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conduct with a sanctioned entity. even a with a touch of you directly. as a result, they are viewed by the closest allies that territory that a u.s. aid to the rest of the world. the risk that sanctions overreach will ultimately drive business and dignity from the u.s. financial system could become more acute if alternatives to the united states as a center of financial activity of the u.s. dollar as the world's preeminent research community and a larger role of the global financial system. global markets are hard to reshape. alternatives are not well in numerous u.s. markets and there are many factors that will continue to make the united states the most attractive financial system in the world. our central role with foreign jurisdictions feel that we will deploy sanctions within
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appropriate reasons, secondary sanctions in particular, we should not be surprised if they look for ways to avoid doing this is in the united states dollars. her condition using the dollar in our financial system to u.s. foreign policy, the more the risk of migration and other currencies and other financial systems in the medium term grows. such outcomes would not be in the best interest and we should be careful here is since world war ii, centrality of our financial system has shown tremendous strength for our economy, benefit or u.s. companies and the driver of u.s. global leadership. given the volume of trade in the u.s. dollar comic even ordinary our primary sanctions carry enormous waste influence beyond our borders. sanctions have become a powerful way to protect u.s. national security. one in sanctions so that they are due solely to address significant threats to our national security to our economy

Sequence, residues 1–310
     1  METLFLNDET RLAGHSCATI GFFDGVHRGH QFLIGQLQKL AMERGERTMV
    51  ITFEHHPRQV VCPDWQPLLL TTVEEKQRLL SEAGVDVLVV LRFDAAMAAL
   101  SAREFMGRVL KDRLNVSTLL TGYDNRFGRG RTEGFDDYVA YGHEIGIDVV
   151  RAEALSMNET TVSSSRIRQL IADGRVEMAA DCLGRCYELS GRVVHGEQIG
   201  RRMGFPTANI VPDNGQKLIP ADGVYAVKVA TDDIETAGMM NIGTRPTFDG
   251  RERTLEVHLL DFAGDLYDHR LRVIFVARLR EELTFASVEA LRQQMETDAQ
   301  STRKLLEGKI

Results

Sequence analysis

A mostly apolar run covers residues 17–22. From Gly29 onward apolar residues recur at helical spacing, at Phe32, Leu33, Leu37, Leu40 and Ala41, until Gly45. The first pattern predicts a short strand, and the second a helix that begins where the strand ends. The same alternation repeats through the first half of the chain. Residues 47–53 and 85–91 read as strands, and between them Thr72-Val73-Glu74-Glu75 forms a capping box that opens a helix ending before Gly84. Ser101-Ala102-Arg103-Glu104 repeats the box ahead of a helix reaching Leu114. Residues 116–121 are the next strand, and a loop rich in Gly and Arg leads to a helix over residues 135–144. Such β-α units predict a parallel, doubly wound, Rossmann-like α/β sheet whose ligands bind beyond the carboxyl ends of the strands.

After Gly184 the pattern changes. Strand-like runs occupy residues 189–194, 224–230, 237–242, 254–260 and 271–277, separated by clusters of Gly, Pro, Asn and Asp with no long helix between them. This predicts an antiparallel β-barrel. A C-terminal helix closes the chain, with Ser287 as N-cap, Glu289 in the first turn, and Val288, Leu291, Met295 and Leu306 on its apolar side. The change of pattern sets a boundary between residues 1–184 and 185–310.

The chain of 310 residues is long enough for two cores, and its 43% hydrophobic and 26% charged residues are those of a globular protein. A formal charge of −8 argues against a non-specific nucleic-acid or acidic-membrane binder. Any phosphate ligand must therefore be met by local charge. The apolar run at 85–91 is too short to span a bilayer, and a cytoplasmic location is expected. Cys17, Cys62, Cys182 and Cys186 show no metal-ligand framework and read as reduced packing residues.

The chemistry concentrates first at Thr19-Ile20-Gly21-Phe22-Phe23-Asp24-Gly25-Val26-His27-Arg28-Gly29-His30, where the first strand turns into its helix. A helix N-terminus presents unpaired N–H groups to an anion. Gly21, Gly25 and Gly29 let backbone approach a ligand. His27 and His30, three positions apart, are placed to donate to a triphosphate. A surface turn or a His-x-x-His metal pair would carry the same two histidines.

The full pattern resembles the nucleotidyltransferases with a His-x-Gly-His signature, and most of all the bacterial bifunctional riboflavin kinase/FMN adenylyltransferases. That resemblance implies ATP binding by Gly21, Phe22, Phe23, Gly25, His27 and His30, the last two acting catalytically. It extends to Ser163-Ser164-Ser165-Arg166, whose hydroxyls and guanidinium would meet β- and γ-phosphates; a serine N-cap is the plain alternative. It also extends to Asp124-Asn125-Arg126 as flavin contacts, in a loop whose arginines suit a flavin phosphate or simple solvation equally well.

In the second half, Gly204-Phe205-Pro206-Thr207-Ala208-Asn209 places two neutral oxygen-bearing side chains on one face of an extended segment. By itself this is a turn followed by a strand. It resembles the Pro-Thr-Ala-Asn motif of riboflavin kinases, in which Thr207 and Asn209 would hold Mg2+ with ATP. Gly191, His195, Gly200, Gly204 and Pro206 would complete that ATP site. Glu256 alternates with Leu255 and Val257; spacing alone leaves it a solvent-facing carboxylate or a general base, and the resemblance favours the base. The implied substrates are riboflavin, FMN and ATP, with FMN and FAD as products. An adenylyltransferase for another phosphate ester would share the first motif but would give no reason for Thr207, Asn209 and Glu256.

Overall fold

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and only from the cost of an offense carefully adopted. secondary sanctions should be used only in the most exceptional circumstances where is that i ran we have international and sanctions have fallen sure. today's economic tools are sophisticated, but they are not the answer to every threat we face. when he thoughtfully and cons are with national power can protect our financial system and applied its initial pressure against her most troubling national security threat. there are powerful alternatives which should remain the option of last resort, not the first. to observe the effectiveness of sanctions over the long term, we must use and clearly articulate are: provide relief for most goals are met. future presidents will need the sophisticated tools to deal with urgent national security object
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is. i must continue to build diplomatic relationships in the operation needed for implementation and private sector ordinations. if we adhere to our principles and continue to learn what has worked and what is not work, we will be able to use these tools to protect our citizens and values for many, many years to come. thank you again for hosting me here this morning and i look forward to the conversation. [applause] >> jack, thank you for thoughtful set of remarks. i know we have to wrap up at 9:30, so there's not a lot of time for questioning conversation. let me just start by reemphasizing the obvious, which is you have a unique perspective on this issue going back to the 1990s in various senior positions at olympia, white
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house, treasury and state. i wanted to ask strine on this personal experiences over that stretch of time, how you have seen the kind of evolving roles of executive branch players, especially treasury defaulting on a tooth key policymakers and members of congress and their effectiveness. >> , bill. as i said in my remarks, the increasing development of knowledge implication in the tools we have, in the 1990s, with iraq there was an oil for food program that wasn't very good. it ended up being circumvented and instead of providing the relief on the humanitarian basis, it ended up enriching many of saddam's cronies. you compare that to the experience with russia where we went to target his action and went right to the inner circle and had very little impact on